While chameleons are fine for fast fashion and seasonal runway looks, they’re not for brands playing the long game. Consumers crave comfort, stability, and reliability. They want your values and promise to consistently align and not change with trends over time. Consistency isn’t boring unless you make it boring.

Soul Cycle is an excellent example of brand consistency and cohesion. Their mission is simple: bring soul to the people, a business built on human potential. Soul Cycle has made empowerment marketing central to their brand strategy and story and has earned cult status in the boutique fitness industry.

From their studio’s inspirational, positive mantra-filled wall and upbeat music partnerships and collaborations (e.g., The Chainsmokers) to their signature bright yellow décor (down to branded candles because it’s all about the details) and merchandise, the cycling studio’s vibe is consistent in its storytelling. Bright colors, bold music, and badass instructors cultivate a community’s physical and spiritual transformation.

3. Pull back the curtain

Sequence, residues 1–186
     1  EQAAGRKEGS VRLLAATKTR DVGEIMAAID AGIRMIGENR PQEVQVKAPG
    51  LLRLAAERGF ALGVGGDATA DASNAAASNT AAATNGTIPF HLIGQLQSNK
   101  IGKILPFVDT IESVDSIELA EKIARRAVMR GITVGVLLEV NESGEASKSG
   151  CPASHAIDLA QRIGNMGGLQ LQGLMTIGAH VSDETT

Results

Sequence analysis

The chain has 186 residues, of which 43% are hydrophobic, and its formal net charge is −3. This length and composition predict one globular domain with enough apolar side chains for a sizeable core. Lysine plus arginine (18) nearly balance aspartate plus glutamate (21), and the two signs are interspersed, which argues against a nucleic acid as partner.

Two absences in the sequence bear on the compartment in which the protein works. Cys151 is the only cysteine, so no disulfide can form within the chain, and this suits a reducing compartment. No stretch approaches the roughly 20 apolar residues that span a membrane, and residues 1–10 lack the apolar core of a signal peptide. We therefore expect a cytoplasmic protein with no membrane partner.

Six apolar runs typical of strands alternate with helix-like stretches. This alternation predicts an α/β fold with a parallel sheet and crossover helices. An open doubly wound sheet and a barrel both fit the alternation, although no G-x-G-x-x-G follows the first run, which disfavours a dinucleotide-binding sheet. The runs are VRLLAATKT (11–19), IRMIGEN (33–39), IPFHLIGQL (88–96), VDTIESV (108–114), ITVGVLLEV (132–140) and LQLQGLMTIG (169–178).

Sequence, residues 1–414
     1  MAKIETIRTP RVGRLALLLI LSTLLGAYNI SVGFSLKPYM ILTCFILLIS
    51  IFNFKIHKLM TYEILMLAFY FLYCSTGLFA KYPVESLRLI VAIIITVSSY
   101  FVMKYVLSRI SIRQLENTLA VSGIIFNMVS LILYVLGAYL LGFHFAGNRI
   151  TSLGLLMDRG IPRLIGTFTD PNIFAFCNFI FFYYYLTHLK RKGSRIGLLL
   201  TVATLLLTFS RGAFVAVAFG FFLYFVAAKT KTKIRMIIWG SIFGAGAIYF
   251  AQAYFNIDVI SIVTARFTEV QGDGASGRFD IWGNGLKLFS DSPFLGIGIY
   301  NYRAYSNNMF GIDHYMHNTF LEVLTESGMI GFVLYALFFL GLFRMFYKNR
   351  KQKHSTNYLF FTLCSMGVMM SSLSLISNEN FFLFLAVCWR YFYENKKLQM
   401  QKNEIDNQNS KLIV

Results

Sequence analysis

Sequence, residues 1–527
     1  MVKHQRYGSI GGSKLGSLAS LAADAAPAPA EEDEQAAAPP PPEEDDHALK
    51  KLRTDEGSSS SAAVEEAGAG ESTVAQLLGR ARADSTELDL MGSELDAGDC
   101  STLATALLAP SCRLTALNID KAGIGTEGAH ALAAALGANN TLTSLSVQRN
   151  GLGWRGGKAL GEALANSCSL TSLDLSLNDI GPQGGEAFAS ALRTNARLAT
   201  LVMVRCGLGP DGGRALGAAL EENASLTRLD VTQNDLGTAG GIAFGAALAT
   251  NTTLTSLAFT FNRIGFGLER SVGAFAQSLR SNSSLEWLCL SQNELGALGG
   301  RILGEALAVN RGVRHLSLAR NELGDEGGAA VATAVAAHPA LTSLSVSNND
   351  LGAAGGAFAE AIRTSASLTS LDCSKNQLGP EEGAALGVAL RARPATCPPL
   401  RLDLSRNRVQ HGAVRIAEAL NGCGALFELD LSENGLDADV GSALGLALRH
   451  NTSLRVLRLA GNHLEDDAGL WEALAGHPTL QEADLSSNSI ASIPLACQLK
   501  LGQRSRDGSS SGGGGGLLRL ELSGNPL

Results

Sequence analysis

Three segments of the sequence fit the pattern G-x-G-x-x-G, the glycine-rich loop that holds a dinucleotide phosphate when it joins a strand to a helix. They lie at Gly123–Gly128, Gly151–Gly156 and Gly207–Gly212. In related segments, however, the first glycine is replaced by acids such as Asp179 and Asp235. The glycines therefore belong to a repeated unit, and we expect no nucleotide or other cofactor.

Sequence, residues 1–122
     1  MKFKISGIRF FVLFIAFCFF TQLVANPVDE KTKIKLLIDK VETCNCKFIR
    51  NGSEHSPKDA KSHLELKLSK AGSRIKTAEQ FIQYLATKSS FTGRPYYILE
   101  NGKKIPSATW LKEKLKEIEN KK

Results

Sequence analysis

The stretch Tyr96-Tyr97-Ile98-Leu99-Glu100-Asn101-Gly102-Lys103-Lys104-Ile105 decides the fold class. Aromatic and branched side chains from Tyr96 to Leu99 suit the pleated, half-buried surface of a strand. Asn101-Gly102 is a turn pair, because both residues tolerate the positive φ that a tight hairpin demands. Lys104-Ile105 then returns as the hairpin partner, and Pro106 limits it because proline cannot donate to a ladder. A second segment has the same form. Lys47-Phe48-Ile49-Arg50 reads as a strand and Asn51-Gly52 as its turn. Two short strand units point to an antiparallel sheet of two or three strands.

Before the Internet and social media, brands were shrouded in mystery. Maybe you caught a 60-second TV spot where a founder pitched the company’s origin story, but for the most part, brands focused solely on selling their wares. Why they went into business was incidental, and brand communication was unilateral.

Now, the consumer is in the driver’s seat, and when presented with so many options from which to choose, they care not only about the products and services you offer, but also about your story, your “why.” The millennial generation is known for being more skeptical of brand messaging and attracted to businesses with transparency and purpose, and this predilection has become the norm across generations of customers.

Consumers want to know you. They want to cultivate a relationship and be seduced by your story. Regale them with your cocktail party classics.